"Close your eyes."
Her tour group huddled in front of her. Peeking through half-closed eyes at the immense pyramid in front of them.
"Feel the waves of the power of the god Chac wash over you from his home. Feel his loving power."
I almost turned in my crystal.
We were in Uxmal -- one of the major Mayan sites.
Most of the Yucatán is flat. So flat that some of my blogger pals in Mérida joke about driving out to an overpass to get a mountain experience.
Uxmal is not flat. It is on the edge of Mayan hill country. And it takes full advantage of its position.
Approaching Uxmal from the north, I almost confused it with a resort hotel. It appears that immense -- even from a distance.
At its height in the late Classic period (850-925 AD) (Now, I warned you we were going to be using those few facts we learned two posts ago.), Uxmal dominated the region around it. It was the Chicago of the hill country. A massive administrative and f religious center that allowed the city elite to control the local rural folk.
Much of the city was still visible (and lightly inhabited) when the Spanish arrived in the mid-1500s. Most of the population had dispersed around 1000 AD. But the buildings were so well constructed from cut stone, they had not seriously deteriorated.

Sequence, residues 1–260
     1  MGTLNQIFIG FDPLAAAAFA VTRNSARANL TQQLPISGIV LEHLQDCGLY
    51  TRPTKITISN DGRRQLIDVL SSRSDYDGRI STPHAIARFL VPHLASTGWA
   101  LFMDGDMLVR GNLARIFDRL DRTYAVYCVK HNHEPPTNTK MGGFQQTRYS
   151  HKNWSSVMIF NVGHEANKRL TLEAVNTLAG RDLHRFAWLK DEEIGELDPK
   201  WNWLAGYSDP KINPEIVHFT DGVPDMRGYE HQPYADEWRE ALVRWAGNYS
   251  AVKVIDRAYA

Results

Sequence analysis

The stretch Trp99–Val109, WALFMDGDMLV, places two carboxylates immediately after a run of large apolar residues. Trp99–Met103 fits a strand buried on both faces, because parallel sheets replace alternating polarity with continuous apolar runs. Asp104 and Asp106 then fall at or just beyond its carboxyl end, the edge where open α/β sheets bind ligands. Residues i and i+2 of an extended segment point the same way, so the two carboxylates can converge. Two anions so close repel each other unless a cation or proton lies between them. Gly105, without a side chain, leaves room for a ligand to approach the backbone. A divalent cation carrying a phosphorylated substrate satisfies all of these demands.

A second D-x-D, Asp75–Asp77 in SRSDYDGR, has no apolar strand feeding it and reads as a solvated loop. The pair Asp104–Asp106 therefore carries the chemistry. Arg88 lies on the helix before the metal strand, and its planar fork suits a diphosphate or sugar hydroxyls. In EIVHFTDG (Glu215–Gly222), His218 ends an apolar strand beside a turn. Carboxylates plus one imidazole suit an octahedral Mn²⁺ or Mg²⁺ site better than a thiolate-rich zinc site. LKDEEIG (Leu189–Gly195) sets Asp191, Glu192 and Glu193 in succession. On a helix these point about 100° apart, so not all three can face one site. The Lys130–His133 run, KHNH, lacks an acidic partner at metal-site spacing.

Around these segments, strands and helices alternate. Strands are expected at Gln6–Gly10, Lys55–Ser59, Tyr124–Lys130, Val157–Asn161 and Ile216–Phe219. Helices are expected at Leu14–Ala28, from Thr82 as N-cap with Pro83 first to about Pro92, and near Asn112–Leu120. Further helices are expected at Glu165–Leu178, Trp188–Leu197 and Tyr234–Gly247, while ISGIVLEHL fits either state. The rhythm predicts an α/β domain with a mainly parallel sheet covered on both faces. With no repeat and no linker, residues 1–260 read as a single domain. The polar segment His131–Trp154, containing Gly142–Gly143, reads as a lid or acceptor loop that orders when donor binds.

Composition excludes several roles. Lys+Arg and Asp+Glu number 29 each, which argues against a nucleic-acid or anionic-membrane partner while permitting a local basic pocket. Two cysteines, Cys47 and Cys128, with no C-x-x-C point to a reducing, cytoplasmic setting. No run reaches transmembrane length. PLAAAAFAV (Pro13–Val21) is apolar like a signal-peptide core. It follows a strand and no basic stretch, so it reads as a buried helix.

The Spanish immediately went about slapping fanciful names on the structures. The Magician's Pyramid. The Nunnery. The Governor's House. Not knowing the purpose of any of the buildings.
The grand round-sided Magician's Pyramid is the focal point of the sight. The name is understandable. It looks as if Saruman could walk out of the mouth of the god Chac near the top of the pyramid.
The pyramid is the stuff of legend. Literally. A less skeptical world believed a magician dwarf (probably related to the mummies at Santa Elena) built the place in one night. Anyone living in Mexico knows that would not be merely magic; it would be a miracle.
Less-imaginative scientists tell us the pyramid was built between 500 and 900 AD in five separate stages. One temple building on top of the next. Something of a deity condo.
The fourth temple can be seen near the top of the pyramid. Its facade is the face of Chac (the rain god) -- complete with froggy eyes, a Simon Legree mustache, and a gaping mouth entrance lined with teeth. All the better to eat you, I suppose.
The structure must have been quite a sight in its prime. Painted red with details in yellow, blue, and black. Now, it is merely naked ivory-hued limestone.
But Uxmal is much more than a Wagnerian opera set for human sacrifice.
The complex has two more major pyramids, additional temples, palaces, a ball court, and administrative buildings. All of them designed to show that Uxmal was a place of refined power. But power, nonetheless.
While Europe was stuck in an era of representational art, the Mayans were developing a cross between cubism and expressionism. To great effect. And that form reached an artistic height on the walls of Uxmal.
The complex has enough layers of interest that a multiple-day stop would not be excessive. I could have spent a full day cataloging the intricate designs on the walls of the Nunnery. I may want to schedule a return visit to do just that.
The bejeweled tour guide can have her Chac talk.
Give me the people -- and how they lived.